06 November 2007

A Statement on Clergy Abuse

Once is one time too many.

When James B. Nelson wrote Embodiment: An Approach to Sexuality and Christian Theology, he did not imagine the current crisis regarding sexual and emotional abuse of parishoners (expecially children and teens) by ordained clergy and other representatives of the Church. Such abuse betrays a person's basic trust — in God, in the Clergy and the Church, in the world, in humanity, and even in the person's own self. This basic trust is essential for the development both of Love and of Faith.

Thus, the abuser destroys what he or she is specifically called to build — a person's relationship with God. And the abuser selects his or her targets for virtues that can be exploited into vulnerabilities.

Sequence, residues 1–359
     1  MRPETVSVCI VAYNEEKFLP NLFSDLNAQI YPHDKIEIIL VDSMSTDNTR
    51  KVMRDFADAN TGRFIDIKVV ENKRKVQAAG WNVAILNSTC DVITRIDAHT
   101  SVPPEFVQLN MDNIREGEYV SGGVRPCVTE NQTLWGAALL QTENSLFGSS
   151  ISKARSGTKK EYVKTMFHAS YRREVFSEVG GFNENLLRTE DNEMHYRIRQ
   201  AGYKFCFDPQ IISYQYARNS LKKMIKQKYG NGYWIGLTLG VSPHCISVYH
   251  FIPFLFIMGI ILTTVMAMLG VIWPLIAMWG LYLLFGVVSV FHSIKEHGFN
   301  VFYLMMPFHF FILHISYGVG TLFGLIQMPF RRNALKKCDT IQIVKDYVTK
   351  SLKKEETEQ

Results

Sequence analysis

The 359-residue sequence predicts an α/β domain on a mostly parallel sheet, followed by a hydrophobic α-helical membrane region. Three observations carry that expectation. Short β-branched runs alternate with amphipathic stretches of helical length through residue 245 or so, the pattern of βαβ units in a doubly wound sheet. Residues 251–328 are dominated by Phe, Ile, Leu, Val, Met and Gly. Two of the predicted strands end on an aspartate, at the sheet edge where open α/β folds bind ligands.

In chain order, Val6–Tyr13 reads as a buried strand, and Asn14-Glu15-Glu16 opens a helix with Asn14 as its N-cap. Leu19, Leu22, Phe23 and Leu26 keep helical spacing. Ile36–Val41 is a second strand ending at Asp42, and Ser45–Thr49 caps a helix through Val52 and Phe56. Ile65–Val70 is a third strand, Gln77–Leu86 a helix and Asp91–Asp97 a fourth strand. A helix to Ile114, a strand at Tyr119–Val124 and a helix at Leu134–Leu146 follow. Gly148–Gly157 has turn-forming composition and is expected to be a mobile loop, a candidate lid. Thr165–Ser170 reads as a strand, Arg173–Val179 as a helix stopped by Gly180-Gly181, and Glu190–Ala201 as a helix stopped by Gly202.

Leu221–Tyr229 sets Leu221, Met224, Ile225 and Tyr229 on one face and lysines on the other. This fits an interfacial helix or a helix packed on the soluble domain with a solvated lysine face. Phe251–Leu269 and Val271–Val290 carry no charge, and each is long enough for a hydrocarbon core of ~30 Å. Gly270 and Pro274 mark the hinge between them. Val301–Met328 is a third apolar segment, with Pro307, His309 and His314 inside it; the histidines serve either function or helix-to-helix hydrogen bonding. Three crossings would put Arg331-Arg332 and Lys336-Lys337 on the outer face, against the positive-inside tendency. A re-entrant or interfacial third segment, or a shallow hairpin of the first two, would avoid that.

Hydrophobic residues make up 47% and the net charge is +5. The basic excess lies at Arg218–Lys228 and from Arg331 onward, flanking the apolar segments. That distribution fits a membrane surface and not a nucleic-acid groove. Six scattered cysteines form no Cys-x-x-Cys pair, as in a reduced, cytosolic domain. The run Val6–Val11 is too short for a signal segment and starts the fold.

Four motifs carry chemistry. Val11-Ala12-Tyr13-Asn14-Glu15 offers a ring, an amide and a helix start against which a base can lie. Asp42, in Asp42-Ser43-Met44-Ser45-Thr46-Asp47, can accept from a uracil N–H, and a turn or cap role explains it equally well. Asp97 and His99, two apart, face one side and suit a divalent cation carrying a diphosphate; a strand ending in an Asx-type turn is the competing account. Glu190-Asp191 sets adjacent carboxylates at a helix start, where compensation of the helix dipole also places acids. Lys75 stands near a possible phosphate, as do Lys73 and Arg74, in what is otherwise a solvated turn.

Consider the case of a young person who can be trusted to sacrifice his or her own well-being rather than harm another. That's the kind of virtue you'd look for in a firefighter, a doctor, or a priest. But it is also the kind of virtue that an abuser exploits in order to keep from being caught. Trustworthy people are so because they value trust so highly — hence it hurts them all the more when they are betrayed. And our society colludes by creating a culture of subversion in which the breaking of a vow or a promise seems to have no consequences, as long as the one doing it espouses the proper ideology.

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